- The Washington Times - Saturday, November 8, 2008

Lawrence J. McQuillan of the Pacific Research Institute argued for pre-emption in his Commentary column (“Tort law a threat to your health?” Wednesday). “Pre-emption” is the term used to describe Washington bureaucrats who put forth rules that bypass elected officials and pre-empt state consumer laws.

Many of these bureaucrats come from the very industry they are seeking to regulate and to which they will seek to return. Even the best workers at these agencies are hampered by budgets and rules — like the fact that the FDA cannot subpoena information from manufacturers (unlike most federal agencies that do have subpoena powers) and have to rely on the information provided by the very manufacturers they are seeking to regulate.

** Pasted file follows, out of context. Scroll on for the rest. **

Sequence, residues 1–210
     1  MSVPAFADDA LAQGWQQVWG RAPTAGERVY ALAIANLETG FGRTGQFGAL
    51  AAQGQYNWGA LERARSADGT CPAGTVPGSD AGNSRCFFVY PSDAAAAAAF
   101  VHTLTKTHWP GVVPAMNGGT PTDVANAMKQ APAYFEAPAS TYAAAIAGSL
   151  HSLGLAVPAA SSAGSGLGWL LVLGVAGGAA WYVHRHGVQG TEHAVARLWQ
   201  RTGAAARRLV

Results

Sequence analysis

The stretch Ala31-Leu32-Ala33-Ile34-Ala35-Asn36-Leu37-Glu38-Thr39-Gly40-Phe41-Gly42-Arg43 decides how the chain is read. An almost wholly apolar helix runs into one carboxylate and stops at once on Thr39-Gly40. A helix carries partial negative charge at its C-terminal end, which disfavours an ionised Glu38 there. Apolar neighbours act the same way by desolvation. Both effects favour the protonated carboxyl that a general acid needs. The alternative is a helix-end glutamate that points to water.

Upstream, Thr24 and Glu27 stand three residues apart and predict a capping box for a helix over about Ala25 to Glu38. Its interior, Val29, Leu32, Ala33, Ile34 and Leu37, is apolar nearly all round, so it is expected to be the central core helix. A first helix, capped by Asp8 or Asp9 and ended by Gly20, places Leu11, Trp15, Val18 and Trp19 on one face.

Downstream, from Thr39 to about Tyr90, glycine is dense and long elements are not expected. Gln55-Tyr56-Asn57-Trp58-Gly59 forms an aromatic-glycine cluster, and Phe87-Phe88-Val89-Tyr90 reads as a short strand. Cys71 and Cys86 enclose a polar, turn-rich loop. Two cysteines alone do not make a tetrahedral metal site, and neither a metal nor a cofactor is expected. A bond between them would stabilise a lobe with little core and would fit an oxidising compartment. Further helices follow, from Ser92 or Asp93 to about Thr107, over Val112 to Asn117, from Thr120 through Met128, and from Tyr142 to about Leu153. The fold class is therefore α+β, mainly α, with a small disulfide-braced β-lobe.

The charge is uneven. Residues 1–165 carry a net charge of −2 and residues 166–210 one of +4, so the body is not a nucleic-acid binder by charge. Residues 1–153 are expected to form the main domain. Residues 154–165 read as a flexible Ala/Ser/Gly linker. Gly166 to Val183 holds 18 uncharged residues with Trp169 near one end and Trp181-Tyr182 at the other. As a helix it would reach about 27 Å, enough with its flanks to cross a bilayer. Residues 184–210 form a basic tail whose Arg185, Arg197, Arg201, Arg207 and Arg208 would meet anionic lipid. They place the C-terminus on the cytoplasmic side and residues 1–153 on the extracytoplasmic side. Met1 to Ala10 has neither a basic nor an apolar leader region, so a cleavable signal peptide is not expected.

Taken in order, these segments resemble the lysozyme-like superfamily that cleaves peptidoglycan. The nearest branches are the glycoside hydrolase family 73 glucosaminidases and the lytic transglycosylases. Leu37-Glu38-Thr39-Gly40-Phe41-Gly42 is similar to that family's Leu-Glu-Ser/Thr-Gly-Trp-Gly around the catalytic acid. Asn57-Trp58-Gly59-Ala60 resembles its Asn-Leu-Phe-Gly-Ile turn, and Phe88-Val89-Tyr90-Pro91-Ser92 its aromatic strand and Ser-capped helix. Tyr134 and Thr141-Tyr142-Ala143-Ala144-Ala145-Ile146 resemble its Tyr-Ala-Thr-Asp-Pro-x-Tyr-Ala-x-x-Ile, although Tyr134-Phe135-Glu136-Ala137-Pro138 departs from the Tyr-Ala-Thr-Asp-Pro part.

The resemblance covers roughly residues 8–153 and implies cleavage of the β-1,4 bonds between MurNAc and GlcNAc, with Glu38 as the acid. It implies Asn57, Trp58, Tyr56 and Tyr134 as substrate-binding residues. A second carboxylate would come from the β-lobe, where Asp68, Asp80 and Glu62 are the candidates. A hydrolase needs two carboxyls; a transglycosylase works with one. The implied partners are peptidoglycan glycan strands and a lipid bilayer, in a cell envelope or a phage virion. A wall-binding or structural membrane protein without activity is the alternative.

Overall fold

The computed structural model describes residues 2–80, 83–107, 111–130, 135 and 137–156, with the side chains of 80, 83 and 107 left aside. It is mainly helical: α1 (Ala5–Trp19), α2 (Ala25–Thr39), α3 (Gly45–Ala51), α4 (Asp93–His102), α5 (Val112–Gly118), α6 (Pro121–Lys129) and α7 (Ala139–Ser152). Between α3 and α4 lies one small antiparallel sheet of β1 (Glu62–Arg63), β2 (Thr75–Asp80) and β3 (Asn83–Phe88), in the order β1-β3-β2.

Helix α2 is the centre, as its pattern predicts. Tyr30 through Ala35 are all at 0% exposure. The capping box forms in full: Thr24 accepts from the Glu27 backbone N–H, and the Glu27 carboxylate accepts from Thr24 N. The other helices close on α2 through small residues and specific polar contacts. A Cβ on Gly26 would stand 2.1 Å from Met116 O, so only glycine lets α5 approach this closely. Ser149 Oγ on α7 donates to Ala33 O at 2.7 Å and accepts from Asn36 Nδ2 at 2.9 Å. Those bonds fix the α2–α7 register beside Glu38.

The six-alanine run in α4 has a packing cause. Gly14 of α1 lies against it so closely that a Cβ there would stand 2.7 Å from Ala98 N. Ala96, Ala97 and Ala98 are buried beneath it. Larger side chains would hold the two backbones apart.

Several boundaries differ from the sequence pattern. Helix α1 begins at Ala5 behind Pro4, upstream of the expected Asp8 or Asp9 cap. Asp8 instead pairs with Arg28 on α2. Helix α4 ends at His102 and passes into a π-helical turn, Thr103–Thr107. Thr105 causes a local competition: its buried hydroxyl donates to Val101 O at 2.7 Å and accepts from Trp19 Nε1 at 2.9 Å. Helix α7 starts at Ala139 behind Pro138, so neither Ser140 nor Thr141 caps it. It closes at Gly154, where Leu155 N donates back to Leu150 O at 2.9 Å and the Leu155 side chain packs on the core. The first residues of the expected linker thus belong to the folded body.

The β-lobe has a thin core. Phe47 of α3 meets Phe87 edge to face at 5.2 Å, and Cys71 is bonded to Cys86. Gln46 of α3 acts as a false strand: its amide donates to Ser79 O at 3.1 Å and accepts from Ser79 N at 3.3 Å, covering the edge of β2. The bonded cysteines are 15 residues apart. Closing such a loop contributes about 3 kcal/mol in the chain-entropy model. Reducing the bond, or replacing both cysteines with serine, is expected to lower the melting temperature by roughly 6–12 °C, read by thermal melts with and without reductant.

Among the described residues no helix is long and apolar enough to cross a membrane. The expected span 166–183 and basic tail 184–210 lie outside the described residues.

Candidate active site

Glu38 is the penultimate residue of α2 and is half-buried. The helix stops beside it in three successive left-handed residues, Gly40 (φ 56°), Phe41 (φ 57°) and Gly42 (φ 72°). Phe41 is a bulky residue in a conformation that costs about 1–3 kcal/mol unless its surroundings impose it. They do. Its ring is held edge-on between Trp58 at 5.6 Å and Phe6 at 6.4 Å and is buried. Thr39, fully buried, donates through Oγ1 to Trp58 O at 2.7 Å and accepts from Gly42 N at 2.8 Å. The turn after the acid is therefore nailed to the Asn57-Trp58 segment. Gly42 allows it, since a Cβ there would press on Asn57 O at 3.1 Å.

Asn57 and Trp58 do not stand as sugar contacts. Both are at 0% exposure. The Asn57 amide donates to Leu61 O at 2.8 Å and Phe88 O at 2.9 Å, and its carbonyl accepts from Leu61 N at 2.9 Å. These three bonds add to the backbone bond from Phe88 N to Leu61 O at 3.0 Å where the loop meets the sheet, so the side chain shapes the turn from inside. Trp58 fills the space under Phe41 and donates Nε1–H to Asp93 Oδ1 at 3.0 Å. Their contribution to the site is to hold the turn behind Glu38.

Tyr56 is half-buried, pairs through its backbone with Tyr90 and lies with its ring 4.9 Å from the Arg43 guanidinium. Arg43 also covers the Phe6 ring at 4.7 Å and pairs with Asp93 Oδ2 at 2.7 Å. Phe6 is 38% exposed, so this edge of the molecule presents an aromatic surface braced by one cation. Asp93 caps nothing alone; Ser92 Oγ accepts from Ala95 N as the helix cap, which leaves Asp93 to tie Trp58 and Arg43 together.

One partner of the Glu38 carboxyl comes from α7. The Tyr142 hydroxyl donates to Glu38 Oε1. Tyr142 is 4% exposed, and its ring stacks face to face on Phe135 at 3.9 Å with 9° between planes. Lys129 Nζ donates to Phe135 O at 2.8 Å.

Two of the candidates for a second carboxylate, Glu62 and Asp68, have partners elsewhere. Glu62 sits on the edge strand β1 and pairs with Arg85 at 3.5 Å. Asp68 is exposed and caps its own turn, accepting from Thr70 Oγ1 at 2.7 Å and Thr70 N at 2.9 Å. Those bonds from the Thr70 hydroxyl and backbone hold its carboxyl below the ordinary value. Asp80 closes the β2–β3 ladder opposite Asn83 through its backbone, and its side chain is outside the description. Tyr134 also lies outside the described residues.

The legal system provides a necessary check on the abuses and problems that occur in these agencies.

Pre-emption emasculates states’ rights and substitutes the judgment of Washington bureaucrats and special-interest groups over that of elected officials as to what is reasonable and unreasonable.

As a conservative, and a trial attorney, I believe in states’ rights and in the Constitution’s Seventh Amendment guarantee of the right to a jury trial. I believe that defendants hire competent lawyers to represent them; that elected trial judges, appellate judges and Supreme Court justices do their job and do it well.

Americans should be wary of giving unelected, revolving-door federal bureaucrats the power over their lives and their health without accountability.


Chattanooga, Tenn.

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